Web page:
Have String Technology and Slower Surfaces Helped the Returner? Apparently Not.

AndersCorrespondent IIINovember 2, 2011

MELBOURNE, AUSTRALIA - JANUARY 17:  Novak Djkovic of Serbia waits to return serve in his first round match against Marcel Granollers of Spain during day one of the 2011 Australian Open at Melbourne Park on January 17, 2011 in Melbourne, Australia.  (Photo by Cameron Spencer/Getty Images)
Cameron Spencer/Getty Images

It's accepted wisdom in tennis circles that surfaces have been made slower and more similar to one another—which is why the top players generally do well in most tournaments, no matter the surface. 

It's also accepted wisdom that the serve-and-volley style has died—partly due to this slowing of the surfaces and partly due to racquet and string developments that have made the job of the baseliner easier. (I highly encourage you to read this article on the death of serve-and-volley.)

The most venerable serve-and-volley venue was Wimbledon, but even there, the style died in 2001.

Both of these developments should, in principle, lead to the good return players winning more games.

However, I've come across some highly surprising data that seems to contradict this idea.

While replying to a reader regarding my article about the best returners of the last 20 years, I noticed a very interesting pattern: Players in the 90s won, on average, a higher percentage of the return games than players in the 00s. 

In other words, at a time where the serve-and-volley was still a viable and normal tactic, the returners were winning a higher percentage of the return games than they are now. 

What's the explanation?

12 Sep 1999: Andre Agassi returns a shot to Todd Martin during the singles final of the US Open at the USTA National Tennis Center in Flushing Meadows, New York, New York.  Mandatory Credit: Clive Brunskill/ALLSPORT
Clive Brunskill/Getty Images

I've come up with a few, but I'll first present my statistical findings. 

On average, the 90s had almost 15 players winning 30 percent or more of their return games. There is only one year, 1999, where fewer than 10 players won at least 30 percent of their return games.

In the 00s, only a few elite players have had returning percentages in the 30s. Since 2007, only five or six players each year have finished with such a number.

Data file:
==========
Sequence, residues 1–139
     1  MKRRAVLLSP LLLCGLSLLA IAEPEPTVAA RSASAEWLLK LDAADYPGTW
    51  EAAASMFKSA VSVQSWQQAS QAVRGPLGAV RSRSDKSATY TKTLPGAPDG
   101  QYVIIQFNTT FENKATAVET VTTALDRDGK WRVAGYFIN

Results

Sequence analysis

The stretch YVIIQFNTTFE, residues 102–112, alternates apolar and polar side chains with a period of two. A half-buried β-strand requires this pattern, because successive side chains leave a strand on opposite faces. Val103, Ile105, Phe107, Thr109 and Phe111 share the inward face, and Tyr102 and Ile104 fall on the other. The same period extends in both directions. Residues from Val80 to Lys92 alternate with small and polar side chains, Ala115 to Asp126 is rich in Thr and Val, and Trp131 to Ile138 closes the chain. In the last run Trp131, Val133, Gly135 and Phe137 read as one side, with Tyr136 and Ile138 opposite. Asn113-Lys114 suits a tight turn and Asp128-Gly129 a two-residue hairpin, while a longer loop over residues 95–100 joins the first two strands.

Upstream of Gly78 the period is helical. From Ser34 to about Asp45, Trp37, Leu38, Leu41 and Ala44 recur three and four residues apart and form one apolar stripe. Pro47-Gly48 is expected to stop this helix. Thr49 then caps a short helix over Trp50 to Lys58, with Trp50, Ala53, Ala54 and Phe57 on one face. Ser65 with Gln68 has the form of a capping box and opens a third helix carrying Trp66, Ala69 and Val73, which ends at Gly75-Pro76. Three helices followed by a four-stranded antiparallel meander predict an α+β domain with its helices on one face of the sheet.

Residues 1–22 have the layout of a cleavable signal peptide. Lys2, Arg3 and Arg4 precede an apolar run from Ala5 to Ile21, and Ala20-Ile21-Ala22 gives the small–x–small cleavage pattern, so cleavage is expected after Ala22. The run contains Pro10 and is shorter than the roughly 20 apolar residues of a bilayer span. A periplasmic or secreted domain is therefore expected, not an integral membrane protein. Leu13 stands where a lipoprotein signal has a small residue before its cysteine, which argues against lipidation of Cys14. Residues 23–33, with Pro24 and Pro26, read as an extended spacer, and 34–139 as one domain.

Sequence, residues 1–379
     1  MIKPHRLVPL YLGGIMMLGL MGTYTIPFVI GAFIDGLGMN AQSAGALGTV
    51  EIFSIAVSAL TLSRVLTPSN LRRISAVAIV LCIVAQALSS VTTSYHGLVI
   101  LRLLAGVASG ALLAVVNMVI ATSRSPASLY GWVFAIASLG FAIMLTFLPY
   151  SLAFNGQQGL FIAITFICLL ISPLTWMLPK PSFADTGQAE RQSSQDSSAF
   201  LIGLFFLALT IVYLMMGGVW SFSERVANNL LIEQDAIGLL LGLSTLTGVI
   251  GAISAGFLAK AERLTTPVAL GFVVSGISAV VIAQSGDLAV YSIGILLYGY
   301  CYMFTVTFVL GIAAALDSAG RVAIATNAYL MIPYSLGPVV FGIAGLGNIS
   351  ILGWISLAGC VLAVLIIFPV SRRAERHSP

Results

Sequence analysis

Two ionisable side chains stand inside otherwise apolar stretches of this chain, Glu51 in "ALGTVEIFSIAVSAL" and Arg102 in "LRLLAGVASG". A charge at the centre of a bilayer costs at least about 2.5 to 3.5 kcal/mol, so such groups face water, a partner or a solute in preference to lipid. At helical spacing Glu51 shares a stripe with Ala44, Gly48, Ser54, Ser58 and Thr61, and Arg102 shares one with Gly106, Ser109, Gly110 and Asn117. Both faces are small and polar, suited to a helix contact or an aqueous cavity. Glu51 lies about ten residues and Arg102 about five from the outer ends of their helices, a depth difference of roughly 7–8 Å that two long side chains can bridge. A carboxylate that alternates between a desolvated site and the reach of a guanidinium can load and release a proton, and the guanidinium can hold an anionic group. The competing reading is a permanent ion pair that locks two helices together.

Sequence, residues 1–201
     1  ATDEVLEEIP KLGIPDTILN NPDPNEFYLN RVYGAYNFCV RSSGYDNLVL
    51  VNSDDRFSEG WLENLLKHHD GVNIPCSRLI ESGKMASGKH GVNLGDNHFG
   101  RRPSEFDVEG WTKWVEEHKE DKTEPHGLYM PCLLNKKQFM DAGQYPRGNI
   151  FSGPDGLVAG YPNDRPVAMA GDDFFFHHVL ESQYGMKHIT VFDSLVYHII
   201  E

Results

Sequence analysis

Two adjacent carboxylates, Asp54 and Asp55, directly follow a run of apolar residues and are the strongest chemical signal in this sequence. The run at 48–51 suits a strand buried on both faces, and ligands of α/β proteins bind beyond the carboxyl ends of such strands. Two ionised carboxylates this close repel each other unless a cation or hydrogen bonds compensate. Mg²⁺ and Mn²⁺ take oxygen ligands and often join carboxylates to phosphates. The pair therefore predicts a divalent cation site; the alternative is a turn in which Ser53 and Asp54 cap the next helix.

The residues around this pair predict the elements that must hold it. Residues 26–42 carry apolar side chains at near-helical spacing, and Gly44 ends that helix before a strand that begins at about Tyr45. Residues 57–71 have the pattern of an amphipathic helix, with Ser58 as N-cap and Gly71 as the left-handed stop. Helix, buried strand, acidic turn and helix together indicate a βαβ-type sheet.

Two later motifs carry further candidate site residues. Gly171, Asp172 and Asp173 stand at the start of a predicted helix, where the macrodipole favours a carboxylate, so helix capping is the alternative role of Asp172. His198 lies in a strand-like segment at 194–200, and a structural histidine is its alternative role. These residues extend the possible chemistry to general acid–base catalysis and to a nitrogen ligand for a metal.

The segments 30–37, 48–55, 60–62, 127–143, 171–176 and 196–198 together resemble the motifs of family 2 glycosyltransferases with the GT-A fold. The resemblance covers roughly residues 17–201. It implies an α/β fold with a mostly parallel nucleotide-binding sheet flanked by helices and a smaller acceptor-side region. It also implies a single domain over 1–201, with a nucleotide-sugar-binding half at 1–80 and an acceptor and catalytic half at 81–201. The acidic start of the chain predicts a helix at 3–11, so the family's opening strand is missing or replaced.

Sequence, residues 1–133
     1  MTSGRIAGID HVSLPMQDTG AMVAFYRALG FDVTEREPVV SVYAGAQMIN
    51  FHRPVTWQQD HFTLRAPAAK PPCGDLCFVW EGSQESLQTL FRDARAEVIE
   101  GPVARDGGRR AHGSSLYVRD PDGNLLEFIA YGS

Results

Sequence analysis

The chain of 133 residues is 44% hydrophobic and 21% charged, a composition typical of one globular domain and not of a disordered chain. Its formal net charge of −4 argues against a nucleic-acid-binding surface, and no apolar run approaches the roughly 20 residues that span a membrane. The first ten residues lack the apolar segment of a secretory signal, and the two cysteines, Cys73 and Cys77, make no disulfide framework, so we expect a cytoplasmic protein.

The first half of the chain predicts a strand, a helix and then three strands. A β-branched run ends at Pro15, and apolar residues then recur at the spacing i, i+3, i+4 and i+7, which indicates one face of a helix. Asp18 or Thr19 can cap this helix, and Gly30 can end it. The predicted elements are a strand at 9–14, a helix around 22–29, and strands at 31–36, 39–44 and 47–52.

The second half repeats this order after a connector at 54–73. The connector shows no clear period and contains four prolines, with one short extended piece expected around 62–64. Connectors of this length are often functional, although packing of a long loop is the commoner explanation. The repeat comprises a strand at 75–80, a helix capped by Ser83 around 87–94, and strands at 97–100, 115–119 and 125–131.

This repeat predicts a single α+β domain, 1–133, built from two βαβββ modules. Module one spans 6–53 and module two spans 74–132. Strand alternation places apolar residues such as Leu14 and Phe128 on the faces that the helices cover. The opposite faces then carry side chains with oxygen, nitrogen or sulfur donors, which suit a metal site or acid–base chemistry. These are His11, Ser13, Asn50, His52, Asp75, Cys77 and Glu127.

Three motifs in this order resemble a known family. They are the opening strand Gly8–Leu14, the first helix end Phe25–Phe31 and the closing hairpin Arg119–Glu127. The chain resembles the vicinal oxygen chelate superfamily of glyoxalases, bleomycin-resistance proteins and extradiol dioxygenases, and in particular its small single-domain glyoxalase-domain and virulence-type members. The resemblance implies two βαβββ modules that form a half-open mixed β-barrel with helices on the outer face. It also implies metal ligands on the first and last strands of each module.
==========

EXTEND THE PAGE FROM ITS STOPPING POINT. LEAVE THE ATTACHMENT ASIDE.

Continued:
The number is slightly better if we go back to the early part of the decade: 2003, 2004 and 2006 saw 10, 10 and 11 players, respectively, with a return percentage of 30 or greater. 

If we lower the percentage threshold to 25 percent, the pattern is the same. A greater number of players won 25 percent of more of their return games in the 90s than in the 00s. 

So, what is the explanation? 

If the courts are slower and the strings are better, shouldn't the return player be winning more, not less?

They should. 

Were the players simply better at returning serves in the 90s? Are the servers significantly better today?

Bob Martin/Getty Images

That seems an unlikely explanation to me, given string development and the death of serve-and-volley. 

We need to take a closer look at the specific surfaces to understand this strange pattern. 

While most surfaces have generally gotten slower, clay has gotten faster.

We no longer see a range of low-ranked clay court specialists beating the top seeds tournament after tournament. At Roland Garros this year, the Big Four all made it to the semifinals, even though only Nadal can be said to prefer clay. 

If clay plays more and more like the faster surfaces, the server's advantage increases. So what do we see here?

Here are the yearly number of players who've won at least 30 percent of their return games from 1991-2011: 

51 (1991), 37, 43, 43, 41 (1995), 35, 39, 37, 42 (1999), 29, 34, 31, 35 (2003), 29, 30, 33, 19 (2007), 21, 17, 14, 24 (2011).

This show three periods. From 2007 onwards, the average is just below 20 players. From 2000 to 2006, the average is just above 30 players, and in the 90s, the average is just above 40.

Judging by these numbers, clay courts have clearly become faster through the years.

PARIS - JUNE 11:  Rafael Nadal of Spain lies on the clay after defeating Roger Federer of Switzerland during the Men's Singles Final on day fifteen of the French Open at Roland Garros on June 11, 2006 in Paris, France.  (Photo by Matthew Stockman/Getty Im
Matthew Stockman/Getty Images

Perhaps fewer players are winning a high percentage of their return games on clay because the surface has become faster, despite the slowing of the other surfaces and better string technology. 

But what about hard court and grass—slower surfaces where new string technology should help the baseliner and returner?

Do we see that?

Not on hard court.

Here are the number of players with a 30 percent or better return game, every other year from 1991-2011:

10 (1991), 13, 7, 5, 4 (1999), 4, 6, 6 (2005), 3, 5, 7 (2011).

If we include players who've won at least 25 percent, there's still no evidence of any improvement for the returner: 

31 (1991), 36, 22(1995), 19, 21, 26 (2001), 21, 19, 23 (2007), 18, 25 (2011). 

I've checked the other years in this period too; if anything, the best years of the hard-court return game were the first four years of the 90s, where at least 30 players were able to win 25 percent of their return games. 

From 1995 to 2011, we haven't reached the 30-player mark. 

SHANGHAI, CHINA - OCTOBER 16:  Andy Murray of Great Britain returns a shot to David Ferrer of Spain during the final of the Shanghai Rolex Masters at the Qi Zhong Tennis Center on October 16, 2011 in Shanghai, China.  (Photo by Matthew Stockman/Getty Imag
Matthew Stockman/Getty Images

Finally, what about grass?